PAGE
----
I'm trying to count set partitions under the following constraints:

  • The number of partitions on $n$ elements where the largest cell(s) have exactly $k$ elements
  • All cells have at least two elements

Starting here, I'm able to get the number of partitions where the maximum size cell size is exactly $k$ for values of $k \geq \lfloor n/2\rfloor$.

Then, for values of $k < \lfloor n/2 \rfloor$, I'm trying to add up Stirling numbers:

$$ \sum \limits_{i=\frac {n-k}{2}+1}^\frac {n}{k} {n \brace i} - f(n, i) $$

where $f(n, i)$ is some function that calculates the number of partitions of $n$ elements into $i$ cells that have at least one cell of size 1.

My thought on the upper limit is that, if you divide up a set into $\frac {n} k$ cells and get rid of anything with size 1, then all cells have to be size $k$ (plus one additional cell for any remainder). Similarly, the low end is where you have one (or two) cells of size $k$ and the rest of them are size $2$.

Where I'm really stuck is getting rid of the partitions that have cells of size $1$. I think I'm headed in the right direction with the approach described above, but any help is appreciated.


2 Answers 2


Let $B^{\gamma,\mu }_n$ represent the number of partitions where cells have atleast $\gamma$ elements and the size of the largest cell is exactly $\mu$. So the answer to your question would be $B^{2,k}_n$.

Choose an arbitrary element $v$ from the set. Suppose $v$ is in a cell of size $k$ where $\gamma \leq k < \mu$. First we specify $v$'s cell in $n-1 \choose k-1$ ways. Then we partition the remaining elements in $B^{\gamma,\mu}_{n-k}$ ways. Thus we have

$$ \sum_{k=\gamma}^{\mu-1} {n-1 \choose k-1} \, B^{\gamma,\mu}_{n-k} $$

partitions. Now we have to be careful when $k=\mu$. Since $v$'s cell has $\mu$ elements, we do not need to satisfy the first constraint when we partition the remaining elements. Therefore, they can be partitioned in $B^{\gamma,\gamma}_{n-\mu} + B^{\gamma,\gamma+1}_{n-\mu} + \ ... + \, B^{\gamma,\mu}_{n-\mu}$ ways. So our final recurrence is:

$$ B^{\gamma,\mu}_{n} = \sum_{k=\gamma}^{\mu-1} {n-1 \choose k-1} \, B^{\gamma,\mu}_{n-k} + \sum_{j=\gamma}^\mu {n-1 \choose \mu-1} \, B^{\gamma,j}_{n-\mu} $$

With base cases

$$ B^{\gamma,\mu}_{n} = \left\{ \begin{array}{ll} 0 & : \;\;\; n<\mu \\ 1 & : \;\;\; n = \mu \\ \end{array} \right. $$

  • $\begingroup$ This works perfectly. Thank you! $\endgroup$ Commented Dec 23, 2014 at 21:54

I believe that it is quite instructive to examine this problem using generating functions and combinatorial classes as presented in Analytic Combinatorics by Flajolet and Sedgewick.

Using the notation from the accepted answer we have for partitions of cell size at least $\gamma$ and the maximum element exactly $\mu$ the combinatorial class

$$\def\textsc#1{\dosc#1\csod} \def\dosc#1#2\csod{{\rm #1{\small #2}}} \textsc{SET}(\textsc{SET}_{=\gamma}(\mathcal{Z})) \times \textsc{SET}(\textsc{SET}_{=\gamma+1}(\mathcal{Z})) \times \textsc{SET}(\textsc{SET}_{=\gamma+2}(\mathcal{Z})) \\ \times \textsc{SET}(\textsc{SET}_{=\gamma+3}(\mathcal{Z})) \times \cdots \times \textsc{SET}(\textsc{SET}_{=\mu-1}(\mathcal{Z})) \times \textsc{SET}_{\ge 1}(\textsc{SET}_{=\mu}(\mathcal{Z})).$$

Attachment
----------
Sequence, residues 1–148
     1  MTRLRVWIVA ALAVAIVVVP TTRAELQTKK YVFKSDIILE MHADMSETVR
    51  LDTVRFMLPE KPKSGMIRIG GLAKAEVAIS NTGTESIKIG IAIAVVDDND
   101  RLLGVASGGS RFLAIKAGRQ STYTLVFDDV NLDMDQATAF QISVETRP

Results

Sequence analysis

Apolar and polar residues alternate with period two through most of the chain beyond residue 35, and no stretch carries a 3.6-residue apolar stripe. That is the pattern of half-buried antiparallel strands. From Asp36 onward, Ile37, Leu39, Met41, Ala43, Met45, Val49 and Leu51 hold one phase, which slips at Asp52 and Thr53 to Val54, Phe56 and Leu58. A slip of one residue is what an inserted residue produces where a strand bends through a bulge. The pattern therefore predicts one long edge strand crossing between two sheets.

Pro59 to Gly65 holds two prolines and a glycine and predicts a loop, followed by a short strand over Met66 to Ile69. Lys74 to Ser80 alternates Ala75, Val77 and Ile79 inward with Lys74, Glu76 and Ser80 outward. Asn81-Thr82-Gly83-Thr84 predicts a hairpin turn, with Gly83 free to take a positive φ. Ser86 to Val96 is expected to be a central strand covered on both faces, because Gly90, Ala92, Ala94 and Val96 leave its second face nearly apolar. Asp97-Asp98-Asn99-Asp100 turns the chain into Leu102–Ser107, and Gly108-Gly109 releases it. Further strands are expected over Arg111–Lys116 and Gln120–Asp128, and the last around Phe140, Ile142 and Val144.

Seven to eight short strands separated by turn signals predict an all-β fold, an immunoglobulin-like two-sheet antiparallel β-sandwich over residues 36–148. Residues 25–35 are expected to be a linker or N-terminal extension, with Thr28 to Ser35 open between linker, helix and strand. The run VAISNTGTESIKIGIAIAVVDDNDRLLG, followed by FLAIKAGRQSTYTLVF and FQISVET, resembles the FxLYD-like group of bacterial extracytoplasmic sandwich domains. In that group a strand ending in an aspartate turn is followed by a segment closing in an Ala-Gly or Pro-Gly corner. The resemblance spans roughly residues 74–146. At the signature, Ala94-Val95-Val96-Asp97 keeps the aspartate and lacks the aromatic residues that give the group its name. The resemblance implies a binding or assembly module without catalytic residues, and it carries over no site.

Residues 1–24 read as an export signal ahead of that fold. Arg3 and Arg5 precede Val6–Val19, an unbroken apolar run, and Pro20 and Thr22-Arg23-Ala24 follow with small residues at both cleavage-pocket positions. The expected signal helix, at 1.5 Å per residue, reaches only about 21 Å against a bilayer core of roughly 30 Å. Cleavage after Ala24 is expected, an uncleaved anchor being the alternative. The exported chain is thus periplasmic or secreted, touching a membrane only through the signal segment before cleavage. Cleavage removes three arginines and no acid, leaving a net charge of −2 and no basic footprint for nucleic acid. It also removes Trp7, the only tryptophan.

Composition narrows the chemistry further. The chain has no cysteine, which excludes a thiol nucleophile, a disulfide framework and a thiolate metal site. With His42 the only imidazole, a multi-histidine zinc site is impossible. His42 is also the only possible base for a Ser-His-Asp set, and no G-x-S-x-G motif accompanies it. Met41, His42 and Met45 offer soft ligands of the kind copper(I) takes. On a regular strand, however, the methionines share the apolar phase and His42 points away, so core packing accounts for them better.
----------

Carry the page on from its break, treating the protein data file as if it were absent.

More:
This immediately produces the generating function which is $$G(z) = \left(\exp\left(\frac{z^\mu}{\mu!}\right)-1\right) \prod_{q=\gamma}^{\mu-1} \exp\left(\frac{z^q}{q!}\right).$$

This is (here we recognize the class $\textsc{SET}( \textsc{SET}_{\gamma\le\cdot\le\mu-1}(\mathcal{Z}))$)

$$G(z) = \left(\exp\left(\frac{z^\mu}{\mu!}\right)-1\right) \exp\left(\sum_{q=\gamma}^{\mu-1} \frac{z^q}{q!}\right).$$

We can extract an closed formula from this, getting $$n! [z^n] G(z) = n! \sum_{k=1}^{\lfloor n/\mu \rfloor} \frac{1}{(\mu!)^k k!} [z^{n-k\mu}] \exp\left(\sum_{q=\gamma}^{\mu-1} \frac{z^q}{q!}\right).$$

Now let $\lambda\vdash_\gamma^{\mu-1} (n-k\mu)$ be a partition of $n-k\mu$ with parts at least $\gamma$ and at most $\mu-1$ and let the multiplicities of $\lambda$ be denoted by $1^{f_1} 2^{f_2} 3^{f_3} \ldots$ to obtain

$$n! \sum_{k=1}^{\lfloor n/\mu \rfloor} \frac{1}{(\mu!)^k k!} \sum_{\lambda\vdash_\gamma^{\mu-1} (n-k\mu)} \prod_{q=\gamma}^{\mu-1} \frac{1}{(q!)^{f_q} (f_q)!}.$$

Observe that this formula produces the same values as the recurrence from the accepted answer, as can be verified using the following Maple code:


B :=
proc(g, m, n)
    option remember;

    if n < m then return 0 fi;
    if n = m then return 1 fi;

    add(binomial(n-1,k-1)*B(g, m, n-k), k=g..m-1)
    + add(binomial(n-1, m-1)*B(g, j, n-m), j=g..m);

G :=
proc(g, m, n)
    option remember;
    local gf;

    gf := (exp(z^m/m!)-1)
    *exp(add(z^q/q!, q=g..m-1));

    n!*coeftayl(gf, z=0, n);

Q :=
proc(g, m, n)
    option remember;
    local p, k, res, interm, f;

    res := 0;

    for k to floor(n/m) do
        interm := 0;

        p := firstpart(n-m*k);
        while type(p, list) do
            if min(p) >= g and max(p) <= m-1 then
                f := convert(p, 'multiset');
                interm := interm +
                1/mul((ff[1]!)^ff[2]*ff[2]!, ff in f);

            p := nextpart(p);

        res := res + interm/(m!)^k/k!;


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